Manipulating a turntable has come a long way: from the simple crossfades of radio and wedding DJs of yore and the recent audiophile vinyl resurgence, to today's mature turntablist art form. Advanced turntable performances have been evolving for decades from the 1970's old school, to today's modern Hip Hop, and beyond.


This meeting focuses on Turntablism - the art of using turntables and a mixer as an instrument. Jamie Simmonds will demonstrate turntablism, such as manipulating live and recorded audio through a few short performances. Jamie performed three long-running Hip Hop shows Off-Broadway. He then toured the world, selling out large venues including the Sydney Opera House. He'll review the incredible history of turntablism and, as a group, we'll explain the amazingly advanced technology and DJ/human mechanics surrounding modern scratch DJing in particular. Turntablist DJs have infiltrated all music genres from A Capella to Zydeco. 

Steve Macatee will share his intimate knowledge of the technical product evolution of DJ mixers, USB Audio and control vinyl from his 29 years in product development at Rane Corporation. We'll even talk about manipulating video using vinyl records.
 
Steve Turnidge is past chair of the PNW AES Section, a mastering engineer, author and PCB designer, who also worked at Rane for 11 years, and will be moderating the evening.
 

View Official Meeting Report

PNW AES Website


Posted: Thursday, January 26, 2017

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Past Event: I Have to Mix It in HERE??? | Affordable Acoustical Measurements

January 25, 2017 at 7:30 pm

Location: Shoreline Community College, Rm 818 (music bldg), Shoreline, WA

Moderated by: Dan Mortensen

Speaker(s): JJ Johnston - PNW AES Section; Bob Smith - PNW AES Section

 Many (probably most) recordists are faced with having to work within an existing space. It isn't always feasible or practical to have a purpose-built mixing space (or recording space). Usually, you have to play the cards you have been dealt.

Rather than blindly going into your space and forcing your mix to work, you can take advantage of no cost to low cost measurement tools (see list below) to help you understand and treat your space so that you can work more efficiently and effectively.

We'll explore those tools and demonstrate using them to detect and treat things like standing waves and reflections.

These are the tools we will explore:

Room EQ Wizard (PC, Mac, Linux, any Java) 
 Holm Impulse (PC only) 
 ARTA (PC only) 
 Fuzzmeasure (Mac Only)

View Official Meeting Report

More Information at AES PNW Section Website


Posted: Friday, January 13, 2017

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Past Event: What's All This Dante Stuff About Anyway?
or
Audio Networking Using Dante

December 14, 2016 at 7:30 pm

Location: Shoreline Community College, Rm 818 (music bldg), Shoreline, WA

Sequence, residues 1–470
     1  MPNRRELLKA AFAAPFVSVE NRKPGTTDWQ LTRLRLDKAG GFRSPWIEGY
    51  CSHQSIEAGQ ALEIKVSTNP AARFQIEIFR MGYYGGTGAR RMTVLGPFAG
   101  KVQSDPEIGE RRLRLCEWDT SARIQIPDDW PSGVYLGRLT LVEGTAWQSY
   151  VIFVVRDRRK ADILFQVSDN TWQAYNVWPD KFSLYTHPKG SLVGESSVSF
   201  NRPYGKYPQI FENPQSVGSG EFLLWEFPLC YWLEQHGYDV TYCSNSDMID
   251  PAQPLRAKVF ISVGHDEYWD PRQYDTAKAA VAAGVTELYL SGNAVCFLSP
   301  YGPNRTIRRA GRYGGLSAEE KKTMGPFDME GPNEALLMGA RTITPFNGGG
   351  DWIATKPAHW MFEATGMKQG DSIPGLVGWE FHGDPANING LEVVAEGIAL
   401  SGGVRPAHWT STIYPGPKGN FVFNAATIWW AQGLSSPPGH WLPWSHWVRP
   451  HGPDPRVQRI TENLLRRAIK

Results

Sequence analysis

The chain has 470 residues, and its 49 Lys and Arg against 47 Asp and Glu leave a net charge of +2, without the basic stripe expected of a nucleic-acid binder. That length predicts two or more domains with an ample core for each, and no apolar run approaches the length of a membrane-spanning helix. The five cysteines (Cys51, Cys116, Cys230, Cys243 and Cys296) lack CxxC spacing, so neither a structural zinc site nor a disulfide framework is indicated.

Moderated by: Dan Mortensen

Speaker(s): Steve Macatee | Consultant

 Audinate's Dante technology is the current market dominator in most pro audio market spaces. With hundreds of companies and hundreds of products offering Dante technology - all of which work seamlessly together - Dante is THE way to deliver deterministic, uncompressed digital audio over simple and complex Ethernet networks.

Dante's beauty is its ability to be very easily deployed and configured by end users from all walks of life. It utilizes a variety of open IEEE standards, yet, it is a very appealing proprietary solution due to Audinate's product offerings and development tools for manufacturers. Audinate has done the difficult under-the-hood work in software, firmware and hardware, so manufacturers can easily implement great, innovative solutions in almost every audio application imaginable.
 
While most installations of Dante audio networks use a dedicated Ethernet network infrastructure of hardware just for the audio system, Dante plays very well on converged or integrated networks along with any or all other IT traffic. This is an IT guru's dream in many corporate and large venues. Dante supports QoS (Quality of Service) and other IEEE Ethernet standards, making IT deployment light years ahead of older CobraNet technology.
 
We'll set up a Dante network on the fly and demonstrate Audinate's variety of end user software products - Dante Controller, Dante Virtual Soundcard & Dante Via. We'll also discuss how AES67, AVB (Audio Video Bridging) and Dante relate to one another.
 
Our Presenter
 
Steve Macatee was the Director of Product Development and Training for the past 15 years at Rane Corporation in Mukilteo, WA. Steve spent 29 amazing years at Rane. In July, 2016 the founders of Rane sold the company in order to retire.
 
For the past 9 years, Steve has been one of three co-instructors for the 3-day SynAudCon Digital seminar offered by Pat Brown's Synergetic Audio Concepts (aka prosoundtraining.com). This seminar covers every detail of digital audio from sampling and bit depth, through to packetized, deterministic delivery of digital audio over simple and complex Ethernet networks.
 
Steve is a member of the PNW AES Committee.
 
 
Directions at:  http://www.aes.org/sections/pnw/direct/shorelin.htm
 

View Official Meeting Report

AES PNW website


Posted: Friday, December 2, 2016